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Combining protein identification and quantification: C-terminal isotope-coded tagging using sulfanilic acid

Authors

  • Alexandre Panchaud,

    1. Department of Fundamental Microbiology, Faculty of Biology and Medicine, University of Lausanne, CH-1015 Lausanne, Switzerland
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  • Elisabeth Guillaume,

    1. Functional Genomics Group, Department of Bioanalytical Science, Nestle Research Centre, Nestec Ltd., Vers-chez-les-Blanc, CH-1000 Lausanne 26, Switzerland
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  • Michael Affolter,

    1. Functional Genomics Group, Department of Bioanalytical Science, Nestle Research Centre, Nestec Ltd., Vers-chez-les-Blanc, CH-1000 Lausanne 26, Switzerland
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  • Fabien Robert,

    1. Functional Genomics Group, Department of Bioanalytical Science, Nestle Research Centre, Nestec Ltd., Vers-chez-les-Blanc, CH-1000 Lausanne 26, Switzerland
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  • Philippe Moreillon,

    1. Department of Fundamental Microbiology, Faculty of Biology and Medicine, University of Lausanne, CH-1015 Lausanne, Switzerland
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  • Martin Kussmann

    Corresponding author
    1. Functional Genomics Group, Department of Bioanalytical Science, Nestle Research Centre, Nestec Ltd., Vers-chez-les-Blanc, CH-1000 Lausanne 26, Switzerland
    • Functional Genomics Group, Department of Bioanalytical Science, Nestle Research Centre, Nestec Ltd., Vers-chez-les-Blanc, CH-1000 Lausanne 26, Switzerland.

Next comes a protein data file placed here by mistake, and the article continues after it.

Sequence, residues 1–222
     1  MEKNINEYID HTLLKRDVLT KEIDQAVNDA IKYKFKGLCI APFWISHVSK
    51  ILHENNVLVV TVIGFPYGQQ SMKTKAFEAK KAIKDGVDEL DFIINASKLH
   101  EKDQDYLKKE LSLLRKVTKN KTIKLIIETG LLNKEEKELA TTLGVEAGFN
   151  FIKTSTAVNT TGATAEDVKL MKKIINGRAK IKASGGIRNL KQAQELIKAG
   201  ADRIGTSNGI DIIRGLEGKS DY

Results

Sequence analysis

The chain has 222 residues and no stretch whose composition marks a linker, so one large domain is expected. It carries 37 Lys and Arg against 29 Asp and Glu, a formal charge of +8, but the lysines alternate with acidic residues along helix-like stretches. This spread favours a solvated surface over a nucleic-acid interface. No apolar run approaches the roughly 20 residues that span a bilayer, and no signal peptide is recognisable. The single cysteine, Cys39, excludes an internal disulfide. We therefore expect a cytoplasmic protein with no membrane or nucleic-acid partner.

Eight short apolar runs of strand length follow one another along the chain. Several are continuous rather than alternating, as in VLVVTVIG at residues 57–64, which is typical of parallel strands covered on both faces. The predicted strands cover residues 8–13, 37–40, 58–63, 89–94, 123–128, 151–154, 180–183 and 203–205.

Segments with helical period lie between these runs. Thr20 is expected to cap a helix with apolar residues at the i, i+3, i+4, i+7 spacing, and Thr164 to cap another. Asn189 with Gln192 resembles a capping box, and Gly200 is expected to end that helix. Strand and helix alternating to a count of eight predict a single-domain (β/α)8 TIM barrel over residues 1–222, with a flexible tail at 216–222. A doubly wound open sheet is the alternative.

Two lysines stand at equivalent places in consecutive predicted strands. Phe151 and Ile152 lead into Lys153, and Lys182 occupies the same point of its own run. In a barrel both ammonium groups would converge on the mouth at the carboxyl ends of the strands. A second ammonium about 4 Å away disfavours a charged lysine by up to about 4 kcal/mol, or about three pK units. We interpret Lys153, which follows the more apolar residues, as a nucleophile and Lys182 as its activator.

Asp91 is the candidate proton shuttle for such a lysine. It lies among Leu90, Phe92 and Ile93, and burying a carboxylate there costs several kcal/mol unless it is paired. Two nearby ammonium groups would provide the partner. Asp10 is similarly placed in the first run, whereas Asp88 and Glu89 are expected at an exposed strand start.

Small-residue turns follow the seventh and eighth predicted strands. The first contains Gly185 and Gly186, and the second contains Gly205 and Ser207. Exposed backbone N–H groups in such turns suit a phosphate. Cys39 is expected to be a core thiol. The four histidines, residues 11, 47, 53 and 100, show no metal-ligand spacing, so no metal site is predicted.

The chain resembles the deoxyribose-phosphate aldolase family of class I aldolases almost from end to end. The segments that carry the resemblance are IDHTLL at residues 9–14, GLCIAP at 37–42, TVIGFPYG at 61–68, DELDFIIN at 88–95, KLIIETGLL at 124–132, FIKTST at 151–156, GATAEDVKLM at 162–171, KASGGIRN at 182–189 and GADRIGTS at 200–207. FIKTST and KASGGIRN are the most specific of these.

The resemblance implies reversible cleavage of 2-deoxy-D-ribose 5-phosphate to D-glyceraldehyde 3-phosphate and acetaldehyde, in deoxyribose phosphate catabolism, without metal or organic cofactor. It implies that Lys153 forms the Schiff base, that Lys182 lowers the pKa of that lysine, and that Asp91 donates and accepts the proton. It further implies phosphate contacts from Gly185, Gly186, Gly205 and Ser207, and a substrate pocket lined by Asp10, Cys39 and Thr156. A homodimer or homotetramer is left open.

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  • Alexandre Panchaud and Elisabeth Guillaume contributed equally to this work.

Abstract

Two methods of differential isotopic coding of carboxylic groups have been developed to date. The first approach uses d0- or d3-methanol to convert carboxyl groups into the corresponding methyl esters. The second relies on the incorporation of two 18O atoms into the C-terminal carboxylic group during tryptic digestion of proteins in H218O. However, both methods have limitations such as chromatographic separation of 1H and 2H derivatives or overlap of isotopic distributions of light and heavy forms due to small mass shifts. Here we present a new tagging approach based on the specific incorporation of sulfanilic acid into carboxylic groups. The reagent was synthesized in a heavy form (13C phenyl ring), showing no chromatographic shift and an optimal isotopic separation with a 6 Da mass shift. Moreover, sulfanilic acid allows for simplified fragmentation in matrix-assisted laser desorption/ionization (MALDI) due the charge fixation of the sulfonate group at the C-terminus of the peptide. The derivatization is simple, specific and minimizes the number of sample treatment steps that can strongly alter the sample composition. The quantification is reproducible within an order of magnitude and can be analyzed either by electrospray ionization (ESI) or MALDI. Finally, the method is able to specifically identify the C-terminal peptide of a protein by using GluC as the proteolytic enzyme. Copyright © 2006 John Wiley & Sons, Ltd.

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